Medieval Writing
Early Bibles and Gospels
The missionising monks who set up their literate enclaves across Europe from Rome to Ireland transported and copied books for their purposes. Manuscript books were rare, expensive and labour intensive commodities at this time. Their most pressing necessity was for the fundamental works for the learning and practice of the Christian religion; the books of the Bible and the psalter which provided the essential texts for the practice of the liturgy.
More details on early volumes of the Bible can be found in de Hamel 2001.   Some ruins from the monastery of Kells, a distant outpost of early Christianity. According to legend it is the house of St Colum Cille.
The production of a whole Bible was a massive undertaking at this time, and parts of the Bible were produced in segments, notably the most fundamental text of the lot, the gospels. Very few of these early works survive. Most of them were probably used to death or replaced by more trendy, modern, fancy glossed Bibles in later centuries. It is perhaps not surprising that of those that do survive, a disproportionate number are very elaborate, prestige works that were treasured for centuries and probably only brought out for use on very special occasions. Fragments of the every day service books have sometimes been found in odd places; as pastedowns in later books, as wrappers or just fluttering about as lost leaves.
We tend to think of the Bible as a standard text, but the Bible as we know it has evolved much over the centuries. In the early days there were various Latin versions of the text floating around, in many cases inaccurately transcribed. The versions that were extant before St Jerome's Vulgate translation became the standard Latin text are generally referred to as the Old Latin versions.
Codex Palatinus
This is a small segment of a leaf from the Codex Palatinus (British Library, add. ms. 40107, f.1), an Old Latin version of the gospels from the 4th or 5th century. By permission of the British Library.
The above text is written in two columns, in uncial script which runs continuously without word breaks. Enlarged capital letters provide the only clue to place marking. It was a prestige volume written in silver on purple vellum. (Don't you wish we had a colour picture!) The priests at this time must have had prodigious memories, knowing their readings by heart, and the book probably served as a prompt. It was a ritual object of significance as much as a text.
Codex Argenteus Segment from the Codex Argenteus in Uppsala, a 4th century Gothic language Bible text. Yes, this is a poor image, but that's what happens when you are confined to old books, and metallic silver doesn't scan well.
While Latin was the official language of the western church, there were early attempts at vernacular texts. The Gothic language Biblical text illustrated above was a prestige volume written in silver ink on purple vellum. It is a rare survivor, as Gothic texts were destroyed, and sometimes scraped down and written over, because of their association with the Arian heresy. The above is written in a majuscule script, with a runic character representing th. The text is part of the Lord's prayer.
A better image of a page from this manuscript can be found here on the Codex Argenteus website produced by Uppsala University Libraty.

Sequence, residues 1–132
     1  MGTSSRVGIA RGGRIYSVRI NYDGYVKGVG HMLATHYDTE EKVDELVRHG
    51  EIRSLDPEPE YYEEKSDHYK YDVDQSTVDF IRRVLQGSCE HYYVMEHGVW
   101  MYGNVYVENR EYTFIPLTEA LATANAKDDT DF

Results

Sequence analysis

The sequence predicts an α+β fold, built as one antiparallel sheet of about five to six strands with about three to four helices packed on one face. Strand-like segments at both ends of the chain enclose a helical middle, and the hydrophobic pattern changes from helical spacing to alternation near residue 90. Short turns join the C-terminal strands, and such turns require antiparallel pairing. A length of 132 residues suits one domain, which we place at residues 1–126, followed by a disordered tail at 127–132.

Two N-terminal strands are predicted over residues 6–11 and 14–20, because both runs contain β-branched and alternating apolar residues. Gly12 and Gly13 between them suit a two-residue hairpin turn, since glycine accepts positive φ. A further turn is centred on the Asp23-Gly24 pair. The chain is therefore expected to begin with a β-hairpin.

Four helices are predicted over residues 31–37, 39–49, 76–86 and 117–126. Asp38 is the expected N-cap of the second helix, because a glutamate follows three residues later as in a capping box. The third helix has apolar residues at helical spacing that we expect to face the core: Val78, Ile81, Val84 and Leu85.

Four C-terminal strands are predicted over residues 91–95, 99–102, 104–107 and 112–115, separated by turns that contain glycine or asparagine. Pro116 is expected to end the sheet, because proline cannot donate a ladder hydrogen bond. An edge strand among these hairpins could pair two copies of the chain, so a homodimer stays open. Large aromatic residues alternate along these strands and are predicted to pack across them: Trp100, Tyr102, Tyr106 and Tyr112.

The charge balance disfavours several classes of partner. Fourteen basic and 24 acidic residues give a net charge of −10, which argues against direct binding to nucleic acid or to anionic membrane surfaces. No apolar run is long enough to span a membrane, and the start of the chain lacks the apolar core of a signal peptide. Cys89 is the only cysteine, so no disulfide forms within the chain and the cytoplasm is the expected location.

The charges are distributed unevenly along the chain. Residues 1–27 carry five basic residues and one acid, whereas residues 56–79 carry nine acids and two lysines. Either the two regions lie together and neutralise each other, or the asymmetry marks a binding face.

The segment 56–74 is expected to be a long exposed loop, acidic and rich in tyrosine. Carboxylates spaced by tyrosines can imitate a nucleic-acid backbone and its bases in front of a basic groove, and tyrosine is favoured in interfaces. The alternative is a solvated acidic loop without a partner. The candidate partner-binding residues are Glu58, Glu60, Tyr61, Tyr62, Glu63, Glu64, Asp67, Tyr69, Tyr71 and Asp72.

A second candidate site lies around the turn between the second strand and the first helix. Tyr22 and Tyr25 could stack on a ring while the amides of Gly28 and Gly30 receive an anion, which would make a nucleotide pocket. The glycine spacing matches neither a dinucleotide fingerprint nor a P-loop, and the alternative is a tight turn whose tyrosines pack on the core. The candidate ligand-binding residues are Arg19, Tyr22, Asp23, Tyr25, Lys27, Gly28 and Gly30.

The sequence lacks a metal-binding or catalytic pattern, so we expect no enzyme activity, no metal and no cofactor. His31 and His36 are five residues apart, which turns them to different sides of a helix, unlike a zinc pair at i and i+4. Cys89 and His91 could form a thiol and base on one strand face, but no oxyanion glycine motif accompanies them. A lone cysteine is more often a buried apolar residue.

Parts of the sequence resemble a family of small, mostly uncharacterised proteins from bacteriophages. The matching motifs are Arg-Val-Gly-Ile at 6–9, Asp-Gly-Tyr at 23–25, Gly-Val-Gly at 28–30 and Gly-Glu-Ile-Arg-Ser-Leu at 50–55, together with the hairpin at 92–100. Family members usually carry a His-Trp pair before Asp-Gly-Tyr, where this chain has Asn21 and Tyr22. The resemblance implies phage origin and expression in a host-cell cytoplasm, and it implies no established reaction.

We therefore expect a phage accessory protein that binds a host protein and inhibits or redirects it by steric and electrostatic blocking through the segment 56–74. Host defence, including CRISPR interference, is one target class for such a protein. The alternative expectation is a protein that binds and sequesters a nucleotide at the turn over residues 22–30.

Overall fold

The elegant but laborious uncial script continued to be used for Bibles, gospels and psalters produced from and under the influence of Rome, and in southern centres of England such as Canterbury. St Jerome's Vulgate became the standard text, although even by the time of Charlemagne they were still trying to weed out the Old Latin versions from the monasteries. (I'm sorry, I don't believe Charlemagne actually did this himself. He was much too busy thudding up Saracens and conquering people. But he got his name associated with learned men pursuing this cause.) The adoption of the standard Vulgate was not as rapid or as absolute as it is sometimes represented. Jerome translated the Old Testament afresh from the Hebrew and the New Testament from the Greek. He made three attempts at translating the Psalms, and excised books from the Old Testament that had no Hebrew versions. These were later reinstated from the Old Latin versions, and are known as the Old Testament Apocrypha.
Italian gospel 6th century Italian gospel in uncial script (British Library, Harley 1775, f.195). By permission of the British Library.
A script example and paleography exercise for this manuscript can be found on this website here.
Uncial script was not only laborious to write, it was very space consuming. It took a lot of sheep to make a volume of the gospels, and parchment was expensive.
Ceolfrith Bible
A segment from the Middleton leaves of the Ceolfrith Bible (British Library, add. ms. 45025), from the late 7th or early 8th century. By permission of the British Library.
The above example shows how profligate uncial script is on the page, especially when scribes start to introduce word and line spacing to add comprehensibility to the written text. The much later writing in the middle tells something of the history of this piece of parchment, which was used as a wrapper for estate documents belonging to Lord Middleton. Sacrilege perhaps, but at least this bit of the work survives for posterity.
Scribes in Ireland and the north of England in Northumberland developed a more elegant solution, and produced some of the most famous surviving works in this genre.

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This site is created and maintained by Dr Dianne Tillotson, freelance researcher and compulsive multimedia and web author. Comments are welcome. Material on this web site is copyright, but some parts more so than others. Please check here for copyright status and usage before you start making free with it. This page last modified 2/1/2010.